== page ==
A little help for our friends at Rent’s Due Ranch
by Trudy Bialic, Editor
This article was originally published in April 2006
(April 2006) — It’s fair to say that PCC wouldn’t be what we are today without the produce grown by Mike Shriver, JoanE McIntyre and their family at the Rent’s Due Ranch in Stanwood. They’ve played an integral role in the success and growth of our co-op and indeed, played an integral part in keeping members and other shoppers well-fed and healthy.
Consider this: From March through November, PCC relies on Rent’s Due for artichokes; basil; green and yellow beans; beets; broccoli; Romanesco; green and red Savoy cabbage; cauliflower; yellow, white and bi-color corn; cucumbers; garlic; green and red kale; Bibb, Romaine, Red Leaf and Canasta lettuce; sweet, red and yellow onions; shelling peas; Jack O’ lanterns; winter and summer squash; strawberries; potatoes; raspberries; veggie starts; and flower starts.
That’s a lot of planting, hoeing, weeding and harvesting — through storms and foul weather, enduring discomfort and sometimes danger.
Rent’s Due Ranch grew out of an idea back in 1980 when Mike and JoanE decided to start growing their own produce for the family. Mike always had been interested in farming and years of working on other farms and educating himself independently provided the requisite knowledge.
As first-generation farmers, he and JoanE started with less than an acre but their perseverance, compulsive habits and strong backs led to a surplus of produce. Three years later the farm went commercial and before long, their surplus became PCC’s good fortune.
By 1990, PCC’s produce coordinator at View Ridge, Win Poage, began selling lettuce from Rent’s Due and soon PCC committed to purchasing the farm’s produce to supply all five PCC stores at the time.
PCC’s produce merchandiser, Joe Hardiman, laughs, “Tom Douglas, the award-winning Seattle chef, told me he’d never forgive us for stealing Rent’s Due away from the restaurant circuit — the farm couldn’t supply both and their produce was unequalled.” Hardiman says, “Mike is a magician, a genius for what he can conjure out of the ground. We couldn’t replace the quality of what he offers.”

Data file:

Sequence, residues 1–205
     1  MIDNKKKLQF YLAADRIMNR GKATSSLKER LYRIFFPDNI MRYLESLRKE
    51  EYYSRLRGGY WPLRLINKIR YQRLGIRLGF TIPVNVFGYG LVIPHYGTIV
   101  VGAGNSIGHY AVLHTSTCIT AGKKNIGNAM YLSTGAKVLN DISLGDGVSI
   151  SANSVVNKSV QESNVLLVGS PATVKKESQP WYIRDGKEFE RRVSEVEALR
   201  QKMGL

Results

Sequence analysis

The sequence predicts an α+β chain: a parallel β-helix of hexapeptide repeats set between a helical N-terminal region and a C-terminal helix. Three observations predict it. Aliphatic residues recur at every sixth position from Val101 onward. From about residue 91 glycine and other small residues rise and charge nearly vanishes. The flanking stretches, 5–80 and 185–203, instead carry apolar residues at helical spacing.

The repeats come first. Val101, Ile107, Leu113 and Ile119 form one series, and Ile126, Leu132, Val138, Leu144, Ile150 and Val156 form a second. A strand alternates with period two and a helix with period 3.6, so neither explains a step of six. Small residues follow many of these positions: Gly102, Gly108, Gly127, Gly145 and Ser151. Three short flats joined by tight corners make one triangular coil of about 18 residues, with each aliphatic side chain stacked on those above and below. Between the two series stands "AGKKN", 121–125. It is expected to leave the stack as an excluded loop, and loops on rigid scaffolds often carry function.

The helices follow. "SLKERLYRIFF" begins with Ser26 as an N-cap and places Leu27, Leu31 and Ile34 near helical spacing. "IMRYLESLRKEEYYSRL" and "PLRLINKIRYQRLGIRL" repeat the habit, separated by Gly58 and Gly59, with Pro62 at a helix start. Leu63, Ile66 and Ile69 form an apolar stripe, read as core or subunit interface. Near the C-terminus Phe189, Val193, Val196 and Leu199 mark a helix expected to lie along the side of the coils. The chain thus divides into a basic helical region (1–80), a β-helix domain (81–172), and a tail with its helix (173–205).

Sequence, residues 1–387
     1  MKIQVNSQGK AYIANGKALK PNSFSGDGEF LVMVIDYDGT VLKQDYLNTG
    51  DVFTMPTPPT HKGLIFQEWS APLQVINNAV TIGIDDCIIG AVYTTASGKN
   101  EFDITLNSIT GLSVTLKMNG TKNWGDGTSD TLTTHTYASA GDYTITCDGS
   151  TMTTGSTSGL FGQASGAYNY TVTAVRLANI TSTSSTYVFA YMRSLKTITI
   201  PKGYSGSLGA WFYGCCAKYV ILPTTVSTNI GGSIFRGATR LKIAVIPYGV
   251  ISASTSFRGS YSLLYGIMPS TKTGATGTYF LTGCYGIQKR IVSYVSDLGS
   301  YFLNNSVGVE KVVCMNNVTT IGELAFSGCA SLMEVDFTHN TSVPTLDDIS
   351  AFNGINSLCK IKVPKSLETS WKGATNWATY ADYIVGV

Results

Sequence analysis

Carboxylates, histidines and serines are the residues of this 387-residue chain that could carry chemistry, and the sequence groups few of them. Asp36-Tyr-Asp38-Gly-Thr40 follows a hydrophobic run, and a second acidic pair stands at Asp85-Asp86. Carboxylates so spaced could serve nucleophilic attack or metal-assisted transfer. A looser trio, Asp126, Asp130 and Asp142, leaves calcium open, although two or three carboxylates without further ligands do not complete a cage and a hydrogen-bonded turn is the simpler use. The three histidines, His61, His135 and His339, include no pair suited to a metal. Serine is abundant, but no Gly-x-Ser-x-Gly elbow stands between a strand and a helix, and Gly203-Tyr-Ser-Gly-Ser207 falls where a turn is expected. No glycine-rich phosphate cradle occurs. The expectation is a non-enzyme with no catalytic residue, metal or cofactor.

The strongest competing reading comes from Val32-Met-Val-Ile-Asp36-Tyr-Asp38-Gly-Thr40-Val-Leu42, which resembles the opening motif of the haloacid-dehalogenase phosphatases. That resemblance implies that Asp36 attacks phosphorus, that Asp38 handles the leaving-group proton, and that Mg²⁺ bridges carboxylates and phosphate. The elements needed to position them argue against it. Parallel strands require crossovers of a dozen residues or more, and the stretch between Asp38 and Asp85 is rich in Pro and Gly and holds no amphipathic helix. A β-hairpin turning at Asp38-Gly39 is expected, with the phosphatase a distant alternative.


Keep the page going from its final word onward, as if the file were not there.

The relationship enabled Mike and JoanE to expand the farm. Today, Rent’s Due Ranch is a 45-acre spread. Mike and JoanE start their crops from seed in nine greenhouses because that produces the most viable, healthy plants and they know exactly what they’re planting. This farm is certified organic, all the way.
The family also has grown to include four children — Michoan, Dillon, Ariel and Dusty. Then, just before Christmas 2005, Mike was diagnosed with arterial blockage. He has Aortic Valve Disease, something he was born with. Most people have three aortic valves; Mike was born with two. Over the years the two values have been very overworked causing build-up within the valves.
A few days before Christmas, a five-hour surgical procedure replaced one of the valves in Mike’s heart. The procedure was called an Aortic Valve Replacement, and it gave Mike a mechanical valve. He’ll be on a blood thinner for the rest of his life.
Like virtually all family farmers, Mike and JoanE have no health insurance. There’s no affordable way farmers can get insurance unless someone works off the farm in an outside job.
Until this happened, Mike always was healthy and active. Even now he’s impressing doctors with the speed of his recovery! Part of that could be his stubborn perseverance, but maybe it’s the love of the land, the feel of the seasons year after year, and producing beautiful, delicious food. The harsh part is that the bill for Mike’s medical care is likely to total $200,000 or more.
It’s not unusual to hear heart-breaking stories about farmers who are forced to sell their farms to pay for medical bills. Mike and JoanE have no plans or any intention of doing that. But they could use a little help from friends, like those of us at PCC. That’s where each of us come in.
There is a fund at Washington Mutual established to accept contributions toward paying off the medical bill due. If you wish to give back to these wonderful people who have provided for us over so many years, go to any Washington Mutual branch and say you’d like to contribute to the fund for Mike Shriver and JoanE McIntyre. The fund is in their personal names.
PCC’s management has pledged to continue helping this family and ranch, and we’re hoping you, too, can help us keep this relationship growing.